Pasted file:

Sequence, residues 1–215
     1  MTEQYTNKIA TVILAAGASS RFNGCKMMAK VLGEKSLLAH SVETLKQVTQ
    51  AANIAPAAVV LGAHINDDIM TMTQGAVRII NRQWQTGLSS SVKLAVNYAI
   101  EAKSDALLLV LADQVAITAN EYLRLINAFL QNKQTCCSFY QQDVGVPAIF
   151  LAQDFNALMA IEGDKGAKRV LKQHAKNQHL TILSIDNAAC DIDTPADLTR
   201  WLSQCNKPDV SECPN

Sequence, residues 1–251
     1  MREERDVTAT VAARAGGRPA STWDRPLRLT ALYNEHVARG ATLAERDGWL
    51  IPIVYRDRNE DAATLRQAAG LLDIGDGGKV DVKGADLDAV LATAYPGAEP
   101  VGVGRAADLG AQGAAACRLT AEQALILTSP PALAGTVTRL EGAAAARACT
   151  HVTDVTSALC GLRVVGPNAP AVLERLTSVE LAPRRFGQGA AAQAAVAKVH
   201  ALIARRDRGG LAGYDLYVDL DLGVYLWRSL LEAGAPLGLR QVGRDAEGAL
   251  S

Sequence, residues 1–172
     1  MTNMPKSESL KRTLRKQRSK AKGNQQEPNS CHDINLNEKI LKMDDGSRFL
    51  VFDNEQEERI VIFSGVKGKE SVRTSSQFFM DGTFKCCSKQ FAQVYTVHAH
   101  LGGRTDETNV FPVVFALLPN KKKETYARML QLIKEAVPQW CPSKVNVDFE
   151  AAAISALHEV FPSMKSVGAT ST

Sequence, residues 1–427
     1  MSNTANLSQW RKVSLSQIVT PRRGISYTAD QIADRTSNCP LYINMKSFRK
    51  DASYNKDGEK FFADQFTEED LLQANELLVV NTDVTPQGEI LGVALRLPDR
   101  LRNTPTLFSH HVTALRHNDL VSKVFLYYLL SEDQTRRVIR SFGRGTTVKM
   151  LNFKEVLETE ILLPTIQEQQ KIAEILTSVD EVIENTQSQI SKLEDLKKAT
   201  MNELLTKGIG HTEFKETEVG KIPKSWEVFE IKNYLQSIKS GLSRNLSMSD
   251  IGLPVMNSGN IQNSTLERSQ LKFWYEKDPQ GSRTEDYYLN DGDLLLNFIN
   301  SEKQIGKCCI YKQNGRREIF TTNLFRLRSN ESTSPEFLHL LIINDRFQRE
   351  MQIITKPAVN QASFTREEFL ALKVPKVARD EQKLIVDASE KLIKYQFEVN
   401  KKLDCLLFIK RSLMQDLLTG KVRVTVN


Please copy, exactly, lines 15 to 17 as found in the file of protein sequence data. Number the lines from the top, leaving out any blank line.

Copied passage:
     1  MTNMPKSESL KRTLRKQRSK AKGNQQEPNS CHDINLNEKI LKMDDGSRFL
    51  VFDNEQEERI VIFSGVKGKE SVRTSSQFFM DGTFKCCSKQ FAQVYTVHAH
   101  LGGRTDETNV FPVVFALLPN KKKETYARML QLIKEAVPQW CPSKVNVDFE